I’ve known writers who collected ‘nonstandard’ rejection letters with pride … ‘she signed it herself and said she thought it had promise!’
That’s when the questions begin. Why didn’t she want it if it has promise? What does that mean? Who knows? And that’s the problem! With a construction inspection, you get a detailed report on what needs to be fixed in order to pass next time. With writing, you don’t get that!
Last year my agent and I had high hopes for my YA historical fiction novel, but editor after editor said no. Finally, one editor gave us a review and it changed my perspective. Her suggestions made needed revisions clear.
I will soon embark on the rewrite of that novel … now aimed at the middle grade reader (9-12). Meanwhile, I have been hard at work with the final revisions to another middle-grade novel … another historical, this one starring a boy of 12 in 1774 western Virginia. I will be sending it out into the world, via my agent, hopefully to pass inspection and gain an audience.
And then, I will begin the cycle all over again with a new project. After all, that’s what we do, we writers. We send our ‘children’ out into the world and hope they pass instruction.
Cross your fingers! That’s an order!
January 9, 2012 § 5 Comments
My Heart is Racing, Pounding! My ears are RINGING!
No, I’m not having a heart attack. The contractors are taking the two sets of sliding doors down between the “old” living room/dining room and the new Florida room.
I think a little onomatopoeia is appropriate!
Buzzzzzzzzzzz! (is that a small jack-hammer I hear?)
Blat! Rumble! GRRRR! (loosening the calking and mortar?)
Wrestle, wrestle, wrestle and twist (taking the doorframes down now!)
Plink! Plunk! Plonk! (falling plaster, nails, aluminum frames – concrete? Yikes!)
Quiet now – except for:
“What did you do to my broom? That’s new!”
“It was bent that way the other day.”
“XXXXX!!!!” (and a few choice words I NEVER use!)
Different from the insulation guys. They were so quiet I never even heard them!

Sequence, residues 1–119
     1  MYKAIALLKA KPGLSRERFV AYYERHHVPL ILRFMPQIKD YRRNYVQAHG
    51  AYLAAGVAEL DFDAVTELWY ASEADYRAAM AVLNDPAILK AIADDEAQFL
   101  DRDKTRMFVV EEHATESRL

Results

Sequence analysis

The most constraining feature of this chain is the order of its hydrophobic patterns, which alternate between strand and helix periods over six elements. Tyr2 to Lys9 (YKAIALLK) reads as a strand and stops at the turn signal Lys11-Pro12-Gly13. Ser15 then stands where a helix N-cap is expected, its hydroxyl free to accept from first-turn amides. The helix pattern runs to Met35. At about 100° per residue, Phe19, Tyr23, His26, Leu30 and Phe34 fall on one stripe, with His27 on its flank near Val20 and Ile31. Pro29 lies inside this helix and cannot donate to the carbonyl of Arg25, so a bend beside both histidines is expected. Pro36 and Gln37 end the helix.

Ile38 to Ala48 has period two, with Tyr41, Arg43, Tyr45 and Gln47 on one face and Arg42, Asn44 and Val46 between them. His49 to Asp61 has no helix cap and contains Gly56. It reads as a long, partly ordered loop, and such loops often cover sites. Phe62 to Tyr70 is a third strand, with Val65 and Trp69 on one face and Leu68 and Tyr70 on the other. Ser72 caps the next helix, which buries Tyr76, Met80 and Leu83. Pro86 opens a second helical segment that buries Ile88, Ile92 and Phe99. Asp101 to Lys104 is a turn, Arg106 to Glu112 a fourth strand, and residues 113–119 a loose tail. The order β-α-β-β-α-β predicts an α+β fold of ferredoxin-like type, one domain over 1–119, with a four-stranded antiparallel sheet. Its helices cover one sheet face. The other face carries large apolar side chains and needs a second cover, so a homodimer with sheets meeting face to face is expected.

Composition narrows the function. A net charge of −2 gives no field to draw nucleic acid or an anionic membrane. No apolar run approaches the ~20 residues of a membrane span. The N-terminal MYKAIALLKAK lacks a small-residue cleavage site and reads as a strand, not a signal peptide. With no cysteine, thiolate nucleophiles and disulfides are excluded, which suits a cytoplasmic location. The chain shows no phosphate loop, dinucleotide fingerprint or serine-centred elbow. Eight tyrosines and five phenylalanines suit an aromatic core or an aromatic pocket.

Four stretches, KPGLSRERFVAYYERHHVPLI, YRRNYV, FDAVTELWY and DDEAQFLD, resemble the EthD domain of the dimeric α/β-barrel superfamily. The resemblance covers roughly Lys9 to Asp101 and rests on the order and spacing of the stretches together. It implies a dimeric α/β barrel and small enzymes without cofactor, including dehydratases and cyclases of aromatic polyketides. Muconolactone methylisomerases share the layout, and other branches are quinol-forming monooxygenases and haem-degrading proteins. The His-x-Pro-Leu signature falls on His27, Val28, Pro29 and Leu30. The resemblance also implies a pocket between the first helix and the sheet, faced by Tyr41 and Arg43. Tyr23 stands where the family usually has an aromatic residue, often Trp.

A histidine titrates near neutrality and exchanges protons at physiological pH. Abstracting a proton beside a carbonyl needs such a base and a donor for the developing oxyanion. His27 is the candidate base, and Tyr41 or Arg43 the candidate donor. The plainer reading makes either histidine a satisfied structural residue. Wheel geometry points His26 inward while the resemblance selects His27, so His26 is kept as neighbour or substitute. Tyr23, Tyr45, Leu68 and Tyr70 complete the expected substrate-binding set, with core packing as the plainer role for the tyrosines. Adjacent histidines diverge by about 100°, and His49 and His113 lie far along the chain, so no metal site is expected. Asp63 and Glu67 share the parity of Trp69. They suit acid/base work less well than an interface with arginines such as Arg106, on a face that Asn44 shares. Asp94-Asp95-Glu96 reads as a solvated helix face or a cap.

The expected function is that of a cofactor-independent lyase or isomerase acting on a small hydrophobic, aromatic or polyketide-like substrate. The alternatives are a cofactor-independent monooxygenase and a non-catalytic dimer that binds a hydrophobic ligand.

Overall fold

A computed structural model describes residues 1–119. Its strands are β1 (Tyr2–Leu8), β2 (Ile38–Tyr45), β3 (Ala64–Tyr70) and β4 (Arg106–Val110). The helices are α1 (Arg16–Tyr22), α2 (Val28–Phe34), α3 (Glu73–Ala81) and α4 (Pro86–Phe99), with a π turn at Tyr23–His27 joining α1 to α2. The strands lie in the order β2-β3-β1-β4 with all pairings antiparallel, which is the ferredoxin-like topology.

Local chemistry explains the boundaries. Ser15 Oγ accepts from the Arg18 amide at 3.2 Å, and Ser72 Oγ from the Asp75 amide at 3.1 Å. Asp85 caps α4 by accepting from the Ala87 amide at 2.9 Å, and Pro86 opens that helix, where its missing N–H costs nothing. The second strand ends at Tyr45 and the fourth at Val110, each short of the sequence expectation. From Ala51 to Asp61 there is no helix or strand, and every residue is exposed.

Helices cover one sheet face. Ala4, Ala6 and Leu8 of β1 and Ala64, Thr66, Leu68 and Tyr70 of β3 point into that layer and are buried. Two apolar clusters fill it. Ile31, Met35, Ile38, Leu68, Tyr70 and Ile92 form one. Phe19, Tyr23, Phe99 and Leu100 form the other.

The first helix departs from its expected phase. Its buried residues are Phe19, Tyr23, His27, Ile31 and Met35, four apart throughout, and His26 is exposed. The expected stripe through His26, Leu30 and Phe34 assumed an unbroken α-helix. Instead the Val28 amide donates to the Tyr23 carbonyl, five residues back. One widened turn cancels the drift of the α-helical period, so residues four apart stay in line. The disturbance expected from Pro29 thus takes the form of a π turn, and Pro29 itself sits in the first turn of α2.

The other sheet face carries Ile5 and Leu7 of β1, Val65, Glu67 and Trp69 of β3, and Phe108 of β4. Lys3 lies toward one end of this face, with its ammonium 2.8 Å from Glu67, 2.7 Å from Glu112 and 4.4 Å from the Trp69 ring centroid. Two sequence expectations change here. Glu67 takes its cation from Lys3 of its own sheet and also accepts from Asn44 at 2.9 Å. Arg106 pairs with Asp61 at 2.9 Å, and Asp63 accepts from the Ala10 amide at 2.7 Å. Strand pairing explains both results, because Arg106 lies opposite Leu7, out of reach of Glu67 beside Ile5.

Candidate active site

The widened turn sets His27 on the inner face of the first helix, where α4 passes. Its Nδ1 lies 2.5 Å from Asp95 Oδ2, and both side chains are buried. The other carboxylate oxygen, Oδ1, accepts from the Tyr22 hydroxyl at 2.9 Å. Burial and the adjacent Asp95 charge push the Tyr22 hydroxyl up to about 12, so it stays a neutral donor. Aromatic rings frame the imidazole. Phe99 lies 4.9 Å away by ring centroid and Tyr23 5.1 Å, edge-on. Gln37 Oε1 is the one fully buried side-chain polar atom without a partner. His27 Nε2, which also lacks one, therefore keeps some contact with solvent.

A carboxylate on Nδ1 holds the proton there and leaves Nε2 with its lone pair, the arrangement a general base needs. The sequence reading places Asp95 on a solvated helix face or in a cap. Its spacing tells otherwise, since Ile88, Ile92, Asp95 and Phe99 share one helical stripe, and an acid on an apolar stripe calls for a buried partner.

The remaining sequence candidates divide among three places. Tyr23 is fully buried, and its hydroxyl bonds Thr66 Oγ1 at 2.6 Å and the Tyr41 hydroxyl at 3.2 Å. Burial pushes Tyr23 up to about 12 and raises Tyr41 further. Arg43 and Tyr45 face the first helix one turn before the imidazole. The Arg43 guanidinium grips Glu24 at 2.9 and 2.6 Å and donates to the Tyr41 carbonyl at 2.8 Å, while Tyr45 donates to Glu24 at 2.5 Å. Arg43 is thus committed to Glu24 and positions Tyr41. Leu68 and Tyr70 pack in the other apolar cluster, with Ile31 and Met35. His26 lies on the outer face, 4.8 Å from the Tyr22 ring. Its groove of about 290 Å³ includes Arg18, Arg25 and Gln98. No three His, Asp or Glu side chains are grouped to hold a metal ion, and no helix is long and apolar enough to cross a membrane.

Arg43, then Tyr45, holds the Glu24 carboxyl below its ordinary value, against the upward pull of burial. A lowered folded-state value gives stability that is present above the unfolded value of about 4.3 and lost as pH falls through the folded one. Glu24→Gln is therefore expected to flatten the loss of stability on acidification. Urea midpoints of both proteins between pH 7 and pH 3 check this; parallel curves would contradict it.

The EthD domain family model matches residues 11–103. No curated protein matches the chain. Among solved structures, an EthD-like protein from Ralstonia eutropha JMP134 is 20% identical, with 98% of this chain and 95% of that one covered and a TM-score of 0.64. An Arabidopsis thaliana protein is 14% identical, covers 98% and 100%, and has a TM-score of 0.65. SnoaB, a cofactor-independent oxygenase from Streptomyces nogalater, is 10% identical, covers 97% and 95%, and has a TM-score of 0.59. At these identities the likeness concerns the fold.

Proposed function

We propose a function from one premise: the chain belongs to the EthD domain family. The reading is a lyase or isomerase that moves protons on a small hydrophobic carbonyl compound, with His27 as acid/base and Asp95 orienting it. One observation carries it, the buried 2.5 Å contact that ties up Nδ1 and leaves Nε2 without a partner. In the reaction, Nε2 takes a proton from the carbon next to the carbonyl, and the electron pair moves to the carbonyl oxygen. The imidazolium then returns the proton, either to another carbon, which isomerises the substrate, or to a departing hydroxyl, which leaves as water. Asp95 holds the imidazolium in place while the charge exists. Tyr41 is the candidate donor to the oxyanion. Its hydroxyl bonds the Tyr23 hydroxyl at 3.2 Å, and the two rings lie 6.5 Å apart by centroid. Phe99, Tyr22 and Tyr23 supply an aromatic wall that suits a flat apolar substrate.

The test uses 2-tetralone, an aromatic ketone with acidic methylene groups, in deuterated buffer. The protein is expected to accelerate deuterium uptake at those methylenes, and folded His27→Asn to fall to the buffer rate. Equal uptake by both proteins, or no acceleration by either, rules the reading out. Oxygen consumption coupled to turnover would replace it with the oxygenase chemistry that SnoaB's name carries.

The fun of renovation projects lies in the buying-stuff expeditions! Since Christmas, Tom and I have bought:
- Three ceiling fans with lights—two for indoors, one for the new lanai (over the swim-spa);
- Five sconces—three for outside the new doors, two for inside the lanai giving light to the swim-spa)
- 600 square feet of tile flooring (or there abouts)—with another bunch bought and stored for when we get around to replacing the vinyl flooring in the living room/dining room/kitchen great room and have to match it with the new floor in the Florida Room! (Sooner than later, I hope.)
We have also spent engrossing hours with:
The Electrician—where, oh where, to place the electrical outlets and new switches?
The Air/Heat guy—which ductless AC/Heat unit will fit code, and where will it be placed?
The Sheetrock guys—how low do we need to go for the arch over the openings (where the two sliding doors used to be) from the “old house” to the “new addition.” We decided that the “old arches” (in the rest of the house) aren’t uniform, so no need for the “new arches” to be! They are putting these in NOW!
The new garage back door looks good, even without paint! This one has a window and screen so that we get cross-ventilation in the garage all summer. Whoopee!
Hammer, hammer, hammer!
They are sheet-rocking the lanai now! According to the plan, they will finish putting up the sheetrock in the Florida Room this week. Then it’s brick laying, plaster, finish, paint and clean up—the plastic sheeting must stay up for about two weeks, or will it be three?
Drill, drill, driiiiiiiillllllllll!
Time we started thinking about how we will furnish the new space, too. It surely is much larger than I envisioned. Ah! Another shopping expedition in the works, I think!
Stay tuned. This is going to be good!
December 31, 2011 § 3 Comments
The WordPress.com stats helper monkeys prepared a 2011 annual report for this blog.